by Kyle Swenson
Congressional redistricting has pitted Marcy Kaptur and Dennis Kucinich head-to-head in what’s likely to be a contentious primary battle for the handsomely remodeled 9th District. Though few issues separate the two longtime Democratic leaders, there is one lingering doozy: the fate of FirstEnergy’s Davis-Besse nuclear power plant in Kaptur’s stomping grounds east of Toledo.
For more than a decade, the plant has cultivated a reputation as the Lindsay Lohan of nuclear reactors, with a long rap sheet focusing mostly on cracks in its foundation. The latest problems were found in November, prompting the U.S. Nuclear Regulatory Commission to force a shutdown. But after an in-house checkup by FirstEnergy showed that everything’s cool, the NRC allowed the plant to go back online — provided that FirstEnergy prepare a full report by February in order to keep the feds’ bullshit meter from going off. At the same time, FirstEnergy is in the process of seeking a 20-year lease renewal for the plant.
Both Kaptur and Kucinich have been vocal in their preference that Davis-Besse not be encouraged to bust out its Chernobyl impression. But while Kaptur is calling for close monitoring of the plant, Kucinich wants it boarded up unless a complete overhaul happens.
“The NRC should never have allowed FirstEnergy to restart Davis-Besse without knowing the cause of the cracking,” he tells Scene. “Fix it or shut it down.”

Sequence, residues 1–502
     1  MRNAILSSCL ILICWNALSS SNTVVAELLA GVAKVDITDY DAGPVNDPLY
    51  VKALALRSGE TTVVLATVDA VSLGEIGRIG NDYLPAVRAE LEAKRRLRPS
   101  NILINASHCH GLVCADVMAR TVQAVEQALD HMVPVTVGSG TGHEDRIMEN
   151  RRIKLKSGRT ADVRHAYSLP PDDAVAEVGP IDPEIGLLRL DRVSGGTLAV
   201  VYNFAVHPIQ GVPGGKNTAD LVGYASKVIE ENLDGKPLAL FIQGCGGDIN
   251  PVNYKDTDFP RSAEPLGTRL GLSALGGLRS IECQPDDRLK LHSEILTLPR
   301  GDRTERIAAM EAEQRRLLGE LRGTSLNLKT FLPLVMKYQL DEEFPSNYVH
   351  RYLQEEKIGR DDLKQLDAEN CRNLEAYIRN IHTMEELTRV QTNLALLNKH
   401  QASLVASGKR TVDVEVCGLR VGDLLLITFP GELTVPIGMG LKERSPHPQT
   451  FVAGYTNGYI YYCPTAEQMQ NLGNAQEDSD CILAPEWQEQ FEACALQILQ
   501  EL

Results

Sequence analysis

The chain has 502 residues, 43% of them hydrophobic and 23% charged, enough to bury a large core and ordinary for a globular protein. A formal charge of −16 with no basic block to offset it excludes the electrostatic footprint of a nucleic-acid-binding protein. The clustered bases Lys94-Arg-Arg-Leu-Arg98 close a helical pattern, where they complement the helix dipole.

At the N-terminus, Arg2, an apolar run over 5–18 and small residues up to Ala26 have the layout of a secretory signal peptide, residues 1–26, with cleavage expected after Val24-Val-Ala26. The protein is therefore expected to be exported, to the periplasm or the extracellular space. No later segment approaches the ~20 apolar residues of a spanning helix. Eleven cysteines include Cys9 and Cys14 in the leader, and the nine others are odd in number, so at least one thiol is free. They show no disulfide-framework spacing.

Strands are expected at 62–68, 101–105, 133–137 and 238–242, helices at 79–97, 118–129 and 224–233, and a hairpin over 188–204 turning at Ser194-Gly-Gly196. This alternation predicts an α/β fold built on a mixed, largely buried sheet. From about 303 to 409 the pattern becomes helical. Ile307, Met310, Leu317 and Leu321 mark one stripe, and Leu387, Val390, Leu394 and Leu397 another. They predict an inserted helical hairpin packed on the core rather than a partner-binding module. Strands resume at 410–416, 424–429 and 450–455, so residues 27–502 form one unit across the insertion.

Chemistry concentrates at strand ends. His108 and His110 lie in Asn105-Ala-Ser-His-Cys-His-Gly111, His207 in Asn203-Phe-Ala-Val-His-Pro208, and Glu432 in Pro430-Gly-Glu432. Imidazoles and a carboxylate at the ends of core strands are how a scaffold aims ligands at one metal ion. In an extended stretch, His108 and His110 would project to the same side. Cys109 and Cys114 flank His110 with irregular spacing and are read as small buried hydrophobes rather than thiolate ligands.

Last month, Kucinich also questioned the company’s truthfulness. “FirstEnergy tried to convince the public that the cracks were only cosmetic in nature, were few in number, and were not widely distributed,” he told a government reform committee on Capitol Hill. “None of the above was accurate. And yet FirstEnergy was eager to restart Davis-Besse, even though they will not know the cause of the cracking until February.”
Kaptur, meanwhile, is toeing a more careful line. The plant, which is the largest employer in Ottawa County, appears too important economically — and at the moment, politically — for any rash decisions. “The bottom line is to make sure the regulation is effective and robust,” says Kaptur spokesman Steve Fought. “The plant can operate safely as long as it’s effectively regulated.”
Davis-Besse is likely to remain a hot topic throughout the primary campaign, assuming it doesn’t melt before spring.